April 19, 1943. Dad has finished his training at the Savanna Section Ordnance School in Illinios and has shipped out. He says “I am now writing from the Mormon City, Salt Lake City.” It was only about a month ago that his brother, Stanley we stationed at the same base for five days. It looks like the Air Base at Salt Lake City is more of a sorting station than anything else; at least as far as the Murawski brothers are concerned.
He recounts his trip from Illinios to Utah. “We left on April 16th and ate at Rock Island, Ill. Then we started towards our destination. I saw Omaha, Nebraska. It was morning when we saw Denver, Colorado where we got off and ate at the station. Then we passed Ft Logan. Two months too late.” The last comment in reference to his brother’s having been stationed at Fort Logan earlier in the year.
He continues, “Then I saw Pueblo, Colorado and Canon City which was very nice. I have a circular which I picked up at Salida… This morning we arrived at Salt Lake City two weeks too late for me to see Stanley. We had a sleeper and ate in the diner. On one of the 3 nights on the train I slept in the upper berth. The train was very slow.”
He was not too impressed by the scenery out West, evidently because he continues to long for home. “I have seen the snow-capped Rockies and what you see on the circular is what I saw including the world’s highest bridge which hovered above the gorge as we rode under it. You get sick of everything as I still believe that New York State has everything in a greater variety. Out west here, when you see the rocks you just see the same thing until the novelty wears off and you are just plain sick of it. The same with the snow-capped mountains. It is nice alright, but when you see the same thing for hundreds of miles, that’s enough”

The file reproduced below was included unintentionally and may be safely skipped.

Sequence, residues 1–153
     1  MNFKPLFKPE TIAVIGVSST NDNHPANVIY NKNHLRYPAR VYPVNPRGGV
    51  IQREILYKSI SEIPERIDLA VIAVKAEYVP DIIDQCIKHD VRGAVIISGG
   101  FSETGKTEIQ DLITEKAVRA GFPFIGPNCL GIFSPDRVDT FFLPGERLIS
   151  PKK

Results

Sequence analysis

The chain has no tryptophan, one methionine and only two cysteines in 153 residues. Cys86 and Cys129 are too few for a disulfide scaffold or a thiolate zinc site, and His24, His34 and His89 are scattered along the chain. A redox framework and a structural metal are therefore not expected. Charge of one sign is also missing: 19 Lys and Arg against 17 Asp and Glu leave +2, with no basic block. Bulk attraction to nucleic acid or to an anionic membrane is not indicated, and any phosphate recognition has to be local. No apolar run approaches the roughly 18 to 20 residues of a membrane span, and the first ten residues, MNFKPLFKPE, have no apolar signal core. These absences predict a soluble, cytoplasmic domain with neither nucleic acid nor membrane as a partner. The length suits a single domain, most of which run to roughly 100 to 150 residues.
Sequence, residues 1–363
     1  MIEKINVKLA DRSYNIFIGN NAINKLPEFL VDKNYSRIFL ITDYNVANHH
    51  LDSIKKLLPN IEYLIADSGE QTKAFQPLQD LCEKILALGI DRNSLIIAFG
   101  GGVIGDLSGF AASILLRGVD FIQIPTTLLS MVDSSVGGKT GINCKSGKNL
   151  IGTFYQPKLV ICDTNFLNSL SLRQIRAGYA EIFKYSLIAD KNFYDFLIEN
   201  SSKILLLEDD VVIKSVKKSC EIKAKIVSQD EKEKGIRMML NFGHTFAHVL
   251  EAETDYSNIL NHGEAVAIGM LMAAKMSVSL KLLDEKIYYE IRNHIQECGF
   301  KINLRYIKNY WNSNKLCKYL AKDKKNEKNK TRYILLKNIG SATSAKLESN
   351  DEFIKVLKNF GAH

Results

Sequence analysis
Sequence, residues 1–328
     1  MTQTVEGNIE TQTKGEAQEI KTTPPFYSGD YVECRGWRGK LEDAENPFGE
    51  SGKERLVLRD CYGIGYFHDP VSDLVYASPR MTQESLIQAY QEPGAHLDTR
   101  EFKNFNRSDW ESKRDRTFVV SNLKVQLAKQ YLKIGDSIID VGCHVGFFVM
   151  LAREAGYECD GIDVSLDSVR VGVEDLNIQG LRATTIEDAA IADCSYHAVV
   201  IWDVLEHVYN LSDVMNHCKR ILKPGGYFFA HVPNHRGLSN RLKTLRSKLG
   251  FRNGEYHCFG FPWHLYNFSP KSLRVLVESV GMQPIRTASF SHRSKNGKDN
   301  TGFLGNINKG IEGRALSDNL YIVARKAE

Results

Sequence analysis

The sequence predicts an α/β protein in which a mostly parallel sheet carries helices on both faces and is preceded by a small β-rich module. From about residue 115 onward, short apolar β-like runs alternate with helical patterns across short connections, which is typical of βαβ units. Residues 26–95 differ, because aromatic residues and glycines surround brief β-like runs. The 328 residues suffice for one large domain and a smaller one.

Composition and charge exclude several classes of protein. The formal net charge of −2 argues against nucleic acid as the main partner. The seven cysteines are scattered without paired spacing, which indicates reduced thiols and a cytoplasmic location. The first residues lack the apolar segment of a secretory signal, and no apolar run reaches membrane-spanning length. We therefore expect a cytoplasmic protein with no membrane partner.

Now that he is at a new base, the Army routine continues. “…our records have not arrived yet and I understand a reclassification is going to be made. We are supposed to undergo the same stuff as at Camp Upton or Miami Beach. It is possible to go to more schools, I think. I will inquire about this, you may be sure.”
As far as the day to day is concerned, “The toilet is in a separate building away from our barracks. To wash up and clean up you walk to the building. Old Style. It is such a nice place that I would like to get out of it as quickly as possible. One guy says that no matter where we go they will just give ‘short arms’ so he said he was going to have a picture made of it and wear it.”
He continues, “I expect to leave this place soon just like Stanley did. If there was much to write about this place I would, but there isn’t. I will pray and do my best to take care of myself properly and stay out of trouble. ”
Thinking of home he writes, “I hope mama and papa are getting along very fine and that Theresa-Marie will keep up her comical antics. Yes, I always liked her and even Stanley likes her. Let Theresa-Marie make you happy because she is an angel that God sent to Mama, Papa, you and Eddie in this bad hour to cheer you all up.”
Another thing he notes about the Air Base at Salt Lake City is how the dust gets stirred up by the wind. “When the wind blows here, it takes up all the sand. It’s like the Sahara Desert. Just now plenty of dust flew in through the windows I am writing with gas mask on. It isn’t as bad as all that though. I just took the gas mask off.”
He also advises, “I don’t know if it would pay you to write me at my present address because I may get out sooner or later. I would advise that you wait till I give you a more definite address.” He is also keeping an eye on the Church calendar. “Yesterday was Palm Sunday. Next Sunday is Easter Sunday. I may be on another train by then. Wishing you the best of all Easters or in other words a very Happy Easter.” For good measure he adds the greeting in Polish “Wesolego Alleluja!”